All things considered, Best Buy's (NYSE: BBY) second-quarter results were solid. Comparable sales rose by 1.6%, domestic online sales soared 17.3%, and adjusted earnings per share shot up 18.7%. The consumer electronics retailer also raised its earnings guidance for the full year, a surprise given the backdrop of tariffs and increasing recession fears.
These results weren't enough, though; shares of Best Buy were down around 10% Thursday morning. Here's what investors need to know.
Margins on the rise
Best Buy's revenue growth was sluggish in the second quarter, falling a bit short of analyst expectations. But the bottom line came in ahead of estimates, boosted by an improved gross margin.
In the U.S., comparable sales rose 1.9% year over year. That's a substantial slowdown compared to the 6% growth Best Buy reported in the prior-year period. The international business didn't fare as well, with comparable sales slumping by 1.9%.
Appliances and services were the strongest categories for Best Buy in the U.S. Comparable appliance sales jumped 14% year over year, while comparable service sales rose 10.7%. Growing the services business is a key part of Best Buy's long-term growth strategy. During the quarter, the company grew its Total Tech Support membership and added additional In-Home Advisors.
Earnings growth was driven by higher revenue and an improved gross margin. Adjusted gross margin in the U.S. expanded by 20 basis points to 24%, while the same metric jumped 70 basis points to 23.8% in the international business. Growth in the services business fueled this gross margin expansion, and Best Buy pointed to its GreatCall acquisition in particular as a profitability booster. GreatCall is best known for its Jitterbug devices and the associated subscription services.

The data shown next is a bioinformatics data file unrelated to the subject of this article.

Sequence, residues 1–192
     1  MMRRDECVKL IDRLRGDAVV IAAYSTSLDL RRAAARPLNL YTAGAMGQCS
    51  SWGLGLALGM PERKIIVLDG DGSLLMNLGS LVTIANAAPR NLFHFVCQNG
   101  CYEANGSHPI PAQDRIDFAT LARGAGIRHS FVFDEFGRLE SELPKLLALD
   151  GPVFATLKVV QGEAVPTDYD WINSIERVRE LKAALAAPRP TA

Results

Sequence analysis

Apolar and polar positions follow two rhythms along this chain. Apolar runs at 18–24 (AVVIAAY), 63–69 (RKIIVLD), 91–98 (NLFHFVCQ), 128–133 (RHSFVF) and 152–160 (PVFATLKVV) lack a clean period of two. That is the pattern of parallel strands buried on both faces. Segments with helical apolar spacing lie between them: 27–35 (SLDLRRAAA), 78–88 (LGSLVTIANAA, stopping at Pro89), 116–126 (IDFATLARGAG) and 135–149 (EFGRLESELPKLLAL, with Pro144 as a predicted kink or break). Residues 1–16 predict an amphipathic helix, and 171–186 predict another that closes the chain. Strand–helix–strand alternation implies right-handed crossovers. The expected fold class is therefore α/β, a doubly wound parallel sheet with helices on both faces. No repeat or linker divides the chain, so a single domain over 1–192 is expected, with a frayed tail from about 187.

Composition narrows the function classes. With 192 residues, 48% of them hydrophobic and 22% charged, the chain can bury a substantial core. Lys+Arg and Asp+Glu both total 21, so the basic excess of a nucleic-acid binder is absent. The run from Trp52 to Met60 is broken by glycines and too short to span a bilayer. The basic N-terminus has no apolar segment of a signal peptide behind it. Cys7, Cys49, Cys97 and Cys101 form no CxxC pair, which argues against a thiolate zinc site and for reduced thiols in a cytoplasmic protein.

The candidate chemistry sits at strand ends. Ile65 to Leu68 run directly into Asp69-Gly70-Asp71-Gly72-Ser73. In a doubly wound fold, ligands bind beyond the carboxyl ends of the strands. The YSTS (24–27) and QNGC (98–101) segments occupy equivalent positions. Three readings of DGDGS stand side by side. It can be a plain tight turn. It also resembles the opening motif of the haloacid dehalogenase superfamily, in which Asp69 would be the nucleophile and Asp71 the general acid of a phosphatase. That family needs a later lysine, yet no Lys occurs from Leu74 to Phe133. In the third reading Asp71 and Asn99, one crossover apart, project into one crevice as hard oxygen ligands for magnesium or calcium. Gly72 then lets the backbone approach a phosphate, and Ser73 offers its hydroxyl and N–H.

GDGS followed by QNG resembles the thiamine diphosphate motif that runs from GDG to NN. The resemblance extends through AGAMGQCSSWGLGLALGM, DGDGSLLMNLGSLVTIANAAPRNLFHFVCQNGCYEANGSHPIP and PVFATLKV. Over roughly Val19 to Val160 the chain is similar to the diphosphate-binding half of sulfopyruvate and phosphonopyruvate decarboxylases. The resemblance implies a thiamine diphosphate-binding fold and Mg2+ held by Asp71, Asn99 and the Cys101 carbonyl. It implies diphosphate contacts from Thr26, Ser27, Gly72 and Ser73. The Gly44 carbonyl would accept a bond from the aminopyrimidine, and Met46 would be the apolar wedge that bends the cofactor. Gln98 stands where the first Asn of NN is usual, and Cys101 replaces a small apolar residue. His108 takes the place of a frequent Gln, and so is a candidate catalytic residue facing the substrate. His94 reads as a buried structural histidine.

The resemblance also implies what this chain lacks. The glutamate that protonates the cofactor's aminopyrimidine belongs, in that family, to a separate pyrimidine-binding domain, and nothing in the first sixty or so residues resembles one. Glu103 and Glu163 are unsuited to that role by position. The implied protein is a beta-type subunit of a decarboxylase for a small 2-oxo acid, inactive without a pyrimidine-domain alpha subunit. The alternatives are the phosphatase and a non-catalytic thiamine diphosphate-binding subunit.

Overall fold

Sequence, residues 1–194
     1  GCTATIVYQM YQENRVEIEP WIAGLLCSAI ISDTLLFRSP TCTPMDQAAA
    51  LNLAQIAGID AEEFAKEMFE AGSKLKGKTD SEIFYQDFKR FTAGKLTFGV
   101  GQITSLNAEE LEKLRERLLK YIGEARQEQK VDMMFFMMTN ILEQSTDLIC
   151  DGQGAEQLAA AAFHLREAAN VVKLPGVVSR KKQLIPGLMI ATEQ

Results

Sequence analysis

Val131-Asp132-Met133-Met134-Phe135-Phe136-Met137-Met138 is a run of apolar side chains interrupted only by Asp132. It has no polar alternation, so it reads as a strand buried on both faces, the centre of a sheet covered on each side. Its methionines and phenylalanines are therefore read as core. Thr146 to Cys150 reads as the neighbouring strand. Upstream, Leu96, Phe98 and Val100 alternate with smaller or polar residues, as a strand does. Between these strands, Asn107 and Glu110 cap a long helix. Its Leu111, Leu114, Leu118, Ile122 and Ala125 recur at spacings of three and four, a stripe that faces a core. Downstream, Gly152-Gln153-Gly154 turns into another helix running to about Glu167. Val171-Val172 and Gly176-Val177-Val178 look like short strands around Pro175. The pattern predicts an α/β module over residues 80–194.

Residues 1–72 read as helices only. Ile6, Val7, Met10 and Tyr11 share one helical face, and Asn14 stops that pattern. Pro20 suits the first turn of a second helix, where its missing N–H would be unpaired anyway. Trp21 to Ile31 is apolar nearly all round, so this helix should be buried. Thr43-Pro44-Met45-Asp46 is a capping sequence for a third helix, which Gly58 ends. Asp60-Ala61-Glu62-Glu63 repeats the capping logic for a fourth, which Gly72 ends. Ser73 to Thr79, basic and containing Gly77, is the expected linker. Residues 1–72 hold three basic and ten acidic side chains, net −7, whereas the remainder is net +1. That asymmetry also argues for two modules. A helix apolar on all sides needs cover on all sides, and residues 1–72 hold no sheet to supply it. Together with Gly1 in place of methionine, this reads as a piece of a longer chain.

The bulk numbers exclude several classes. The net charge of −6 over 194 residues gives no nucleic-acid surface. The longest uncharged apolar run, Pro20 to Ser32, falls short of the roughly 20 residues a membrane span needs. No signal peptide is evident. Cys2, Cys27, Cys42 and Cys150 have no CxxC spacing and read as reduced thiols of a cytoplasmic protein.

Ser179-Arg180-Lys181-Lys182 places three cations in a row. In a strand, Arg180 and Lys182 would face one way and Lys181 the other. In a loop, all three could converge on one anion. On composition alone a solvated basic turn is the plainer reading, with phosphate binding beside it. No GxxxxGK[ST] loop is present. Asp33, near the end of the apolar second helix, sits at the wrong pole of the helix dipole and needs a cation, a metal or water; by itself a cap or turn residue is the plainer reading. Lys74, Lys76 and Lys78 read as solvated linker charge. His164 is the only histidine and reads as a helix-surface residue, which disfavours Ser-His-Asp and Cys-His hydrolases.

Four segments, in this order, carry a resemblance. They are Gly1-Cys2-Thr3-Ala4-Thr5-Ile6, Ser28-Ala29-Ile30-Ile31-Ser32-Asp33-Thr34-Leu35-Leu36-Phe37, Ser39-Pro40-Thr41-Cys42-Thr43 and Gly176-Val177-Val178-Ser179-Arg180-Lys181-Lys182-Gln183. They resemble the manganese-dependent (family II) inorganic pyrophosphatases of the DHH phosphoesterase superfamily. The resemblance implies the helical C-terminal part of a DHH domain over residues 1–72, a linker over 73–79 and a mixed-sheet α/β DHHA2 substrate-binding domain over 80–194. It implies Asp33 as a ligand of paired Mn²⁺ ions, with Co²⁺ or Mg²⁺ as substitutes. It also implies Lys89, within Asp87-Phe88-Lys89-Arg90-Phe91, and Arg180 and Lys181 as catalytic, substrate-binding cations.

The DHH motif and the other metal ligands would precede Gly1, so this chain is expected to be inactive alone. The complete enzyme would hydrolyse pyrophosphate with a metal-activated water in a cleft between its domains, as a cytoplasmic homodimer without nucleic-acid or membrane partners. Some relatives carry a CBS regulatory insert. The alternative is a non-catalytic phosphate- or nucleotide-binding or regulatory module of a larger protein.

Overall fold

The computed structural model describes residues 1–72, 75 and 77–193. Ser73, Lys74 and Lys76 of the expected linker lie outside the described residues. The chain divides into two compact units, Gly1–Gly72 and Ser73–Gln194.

Higher earnings this year but plenty of uncertainty
Best Buy now expects to produce adjusted earnings per share between $5.60 and $5.75 in fiscal 2020, up from a previous guidance range of $5.45 to $5.65. This boost reflects better-than-expected earnings in the second quarter.
On the revenue front, Best Buy narrowed its guidance range while reducing the high end. The company now sees full-year revenue between $43.1 billion and $43.6 billion, compared to a previous range of $42.9 billion to $43.9 billion.
Best Buy's guidance takes into account the company's best guess as to how tariffs will impact its results in the second half, as well as heightened uncertainty over customer buying behavior. Some of Best Buy's products are impacted by 30% tariffs, while others will be hit by 15% tariffs set to go into effect on Sept. 1 and Dec. 15.
It's unclear how much of the tariff-driven cost increases Best Buy will pass off to consumers and to what degree higher prices will reduce demand for consumer electronics. Given the uncertainty, Best Buy's guidance should be viewed as a guess.
Best Buy is performing a lot better than many other retailers right now, but tariffs will start to play a much bigger role starting in September.
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